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Wednesday, March 23, 2011

WALKS WITH RUTHAKI #1: WALK, JOG, CYCLE, SKATE: The Stanley Park Seawall

Last weekend I went on my first long sea-wall walk in Stanley Park.  It doesn’t matter what kind of weather, you’ll always find walkers, joggers, cyclists and in-line skaters on seawall. It was the first spring-like weekend of the year and a good day for a brisk tour around one of Vancouver's most popular walks.




I started my walk from the Park entrance, walking along by the Yacht Club, going east toward Brockton Point.
The Stanley Park seawall is 8.8 kms  (5.5 mi) so I don't usually attempt the whole circuit. People have been enjoying this seaside path since 1917 but it wasn’t until the mid ‘70’s when the walk was properly surfaced making it an easier route for walkers, joggers and cyclists. The seawall loop around Stanley Park is one of Vancouver’s most popular locations to enjoy the outdoors. The path is divided making it easier and safer for pedestrians and those on wheels. Remember to check the park map for signs indication direction as cyclists can only go in a counter-clockwise direction.

There are interesting sights along the way and benches lining the path if you need to pause for a rest. You might also consider a horse-drawn carriage ride around the Park which is loads of fun.  You can also rent bikes.

Be sure and stop to see the totem poles at the Brockton Point Oval. And past that is the famous 9-o'clock gun that booms out over Coal Harbour to mark the time every night.  There's also the historic Dead Man's Island, now the naval reserve, but once a First Nations burial ground.  Next you'll come to the Brockton Point Lighthouse.  In the early settlement days, there was a small village near here where ship-jumpers lived with their native wives.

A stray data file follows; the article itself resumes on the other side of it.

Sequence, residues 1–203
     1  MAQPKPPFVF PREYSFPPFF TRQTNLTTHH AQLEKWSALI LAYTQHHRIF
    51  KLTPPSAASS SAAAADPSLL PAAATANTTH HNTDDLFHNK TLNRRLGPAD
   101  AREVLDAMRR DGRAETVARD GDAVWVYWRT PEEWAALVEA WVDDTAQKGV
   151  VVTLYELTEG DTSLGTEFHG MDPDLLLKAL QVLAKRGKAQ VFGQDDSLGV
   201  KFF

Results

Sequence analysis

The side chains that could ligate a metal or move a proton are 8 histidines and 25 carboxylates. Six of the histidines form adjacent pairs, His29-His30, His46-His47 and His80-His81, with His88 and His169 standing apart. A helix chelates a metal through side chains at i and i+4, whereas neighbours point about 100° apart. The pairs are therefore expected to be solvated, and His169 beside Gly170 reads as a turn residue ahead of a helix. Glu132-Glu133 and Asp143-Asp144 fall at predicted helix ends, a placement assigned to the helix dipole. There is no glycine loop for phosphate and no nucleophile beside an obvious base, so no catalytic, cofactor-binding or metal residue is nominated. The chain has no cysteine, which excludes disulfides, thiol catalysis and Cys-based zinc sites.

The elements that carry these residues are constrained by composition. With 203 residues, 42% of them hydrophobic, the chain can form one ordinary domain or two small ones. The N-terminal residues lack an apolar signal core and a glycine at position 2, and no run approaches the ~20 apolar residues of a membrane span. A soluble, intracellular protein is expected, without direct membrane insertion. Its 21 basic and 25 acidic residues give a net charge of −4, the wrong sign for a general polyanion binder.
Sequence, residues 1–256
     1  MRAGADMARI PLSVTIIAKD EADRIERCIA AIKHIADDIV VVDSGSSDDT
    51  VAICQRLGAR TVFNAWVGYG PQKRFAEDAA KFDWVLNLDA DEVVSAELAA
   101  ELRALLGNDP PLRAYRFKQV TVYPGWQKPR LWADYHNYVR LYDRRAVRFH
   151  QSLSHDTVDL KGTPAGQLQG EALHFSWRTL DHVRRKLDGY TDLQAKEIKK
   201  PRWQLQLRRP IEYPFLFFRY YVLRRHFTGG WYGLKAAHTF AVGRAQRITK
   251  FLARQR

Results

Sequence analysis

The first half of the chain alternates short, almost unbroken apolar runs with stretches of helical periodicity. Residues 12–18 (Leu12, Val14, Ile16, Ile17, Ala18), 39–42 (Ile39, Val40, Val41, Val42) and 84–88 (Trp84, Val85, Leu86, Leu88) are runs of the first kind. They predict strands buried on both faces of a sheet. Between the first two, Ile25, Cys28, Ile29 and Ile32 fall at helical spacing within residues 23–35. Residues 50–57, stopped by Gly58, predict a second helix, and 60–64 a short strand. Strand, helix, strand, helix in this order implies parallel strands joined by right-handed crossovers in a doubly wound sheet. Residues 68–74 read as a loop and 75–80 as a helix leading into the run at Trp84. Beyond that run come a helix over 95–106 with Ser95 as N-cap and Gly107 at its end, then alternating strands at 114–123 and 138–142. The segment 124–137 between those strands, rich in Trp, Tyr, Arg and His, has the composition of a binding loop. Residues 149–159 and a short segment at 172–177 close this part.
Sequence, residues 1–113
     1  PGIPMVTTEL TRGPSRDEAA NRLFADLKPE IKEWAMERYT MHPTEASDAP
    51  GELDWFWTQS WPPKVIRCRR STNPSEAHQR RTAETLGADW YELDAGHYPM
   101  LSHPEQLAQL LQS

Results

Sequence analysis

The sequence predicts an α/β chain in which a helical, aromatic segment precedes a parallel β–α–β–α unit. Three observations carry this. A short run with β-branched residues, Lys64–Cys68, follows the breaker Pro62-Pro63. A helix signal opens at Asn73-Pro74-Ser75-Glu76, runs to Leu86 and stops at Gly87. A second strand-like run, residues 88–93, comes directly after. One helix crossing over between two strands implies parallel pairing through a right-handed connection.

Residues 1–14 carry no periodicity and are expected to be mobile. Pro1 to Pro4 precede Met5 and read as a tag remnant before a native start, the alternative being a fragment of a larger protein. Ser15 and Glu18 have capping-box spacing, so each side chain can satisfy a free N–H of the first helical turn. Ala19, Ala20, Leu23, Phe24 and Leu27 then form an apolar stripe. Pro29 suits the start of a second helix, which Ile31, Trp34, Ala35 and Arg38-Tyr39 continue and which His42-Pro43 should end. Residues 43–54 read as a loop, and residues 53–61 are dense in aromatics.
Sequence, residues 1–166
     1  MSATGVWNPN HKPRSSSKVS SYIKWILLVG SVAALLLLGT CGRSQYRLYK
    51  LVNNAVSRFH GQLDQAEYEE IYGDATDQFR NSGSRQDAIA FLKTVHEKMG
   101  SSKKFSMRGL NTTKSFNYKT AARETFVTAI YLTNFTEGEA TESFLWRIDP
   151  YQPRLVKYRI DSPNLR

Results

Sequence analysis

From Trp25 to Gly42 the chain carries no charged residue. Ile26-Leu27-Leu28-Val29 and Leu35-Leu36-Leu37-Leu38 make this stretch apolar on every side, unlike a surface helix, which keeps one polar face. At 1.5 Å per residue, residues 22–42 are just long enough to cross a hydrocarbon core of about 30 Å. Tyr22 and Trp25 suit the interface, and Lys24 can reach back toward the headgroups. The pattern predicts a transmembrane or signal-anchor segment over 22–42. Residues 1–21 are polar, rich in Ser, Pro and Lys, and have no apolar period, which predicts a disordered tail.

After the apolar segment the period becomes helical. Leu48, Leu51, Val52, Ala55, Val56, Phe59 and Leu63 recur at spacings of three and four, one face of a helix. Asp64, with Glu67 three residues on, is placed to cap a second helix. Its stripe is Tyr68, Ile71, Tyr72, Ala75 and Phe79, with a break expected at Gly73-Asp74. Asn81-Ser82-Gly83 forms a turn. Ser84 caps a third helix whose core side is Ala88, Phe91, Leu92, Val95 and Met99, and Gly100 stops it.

This part of the walk will take you all the way around to Lumberman’s Arch.  This was once the site of a First Nations village. There's a children's water-park here and even though there wasn't water to frolic in, there were plenty of kids enjoying fun on the adventure equipment there.

 From here you can cut back through the park to the entrance. There are refreshment stands at Brockton Point, Lumberman’s Arch, and by the Aquarium if you want to take a coffee or snack break. You'll also find washroom facilities there.

I stopped on the beach here for my first picnic of the season and rested awhile enjoying the view of the snow-capped mountains of North Vancouver and the busy waterway of Burrard Inlet and the inner harbour.


From here I walked back through the park on a quest to find cherry blossoms, but because of the late season there weren't any in bloom around the Japanese memorial for WWI.  I stopped at the Aquarium to view the Belugas in their outdoor pool.  Then I walked along the trails to the Pavilion and bus depot.

On my next Sunday sea-wall walk I'll take a different route.  There's lots to see in the Park and it makes for a relaxing, refreshing afternoon to enjoy the day on the sea-wall.
Bike and Rollerblade rentals are located near Denman and Georgia St.

Stanley Park Cycle: 768 Denman St. 604-688-0087

Stanley Park Rentals: 1798 W. Georgia St. 604-688-5141

For a map of the seawall: http://vancouver.ca/parks/parks/stanley






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